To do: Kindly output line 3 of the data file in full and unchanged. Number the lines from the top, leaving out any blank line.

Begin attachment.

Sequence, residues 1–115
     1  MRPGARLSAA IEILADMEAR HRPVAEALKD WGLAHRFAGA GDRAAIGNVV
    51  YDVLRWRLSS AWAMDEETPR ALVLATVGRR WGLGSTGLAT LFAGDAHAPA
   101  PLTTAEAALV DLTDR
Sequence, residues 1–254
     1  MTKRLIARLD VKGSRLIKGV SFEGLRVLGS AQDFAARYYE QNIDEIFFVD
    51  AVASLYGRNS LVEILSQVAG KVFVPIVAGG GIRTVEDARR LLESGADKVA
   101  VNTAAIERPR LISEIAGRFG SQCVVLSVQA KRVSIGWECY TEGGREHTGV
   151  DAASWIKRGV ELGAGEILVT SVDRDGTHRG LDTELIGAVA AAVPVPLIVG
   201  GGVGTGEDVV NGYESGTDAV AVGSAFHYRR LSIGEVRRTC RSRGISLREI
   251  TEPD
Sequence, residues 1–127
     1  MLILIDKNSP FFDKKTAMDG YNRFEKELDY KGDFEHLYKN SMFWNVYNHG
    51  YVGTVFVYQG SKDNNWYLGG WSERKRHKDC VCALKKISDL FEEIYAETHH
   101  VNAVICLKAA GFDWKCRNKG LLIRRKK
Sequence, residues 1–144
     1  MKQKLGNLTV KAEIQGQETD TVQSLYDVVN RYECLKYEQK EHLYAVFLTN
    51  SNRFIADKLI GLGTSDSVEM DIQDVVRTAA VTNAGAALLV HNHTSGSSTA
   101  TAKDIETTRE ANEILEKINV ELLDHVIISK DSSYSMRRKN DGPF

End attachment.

    51  YDVLRWRLSS AWAMDEETPR ALVLATVGRR WGLGSTGLAT LFAGDAHAPA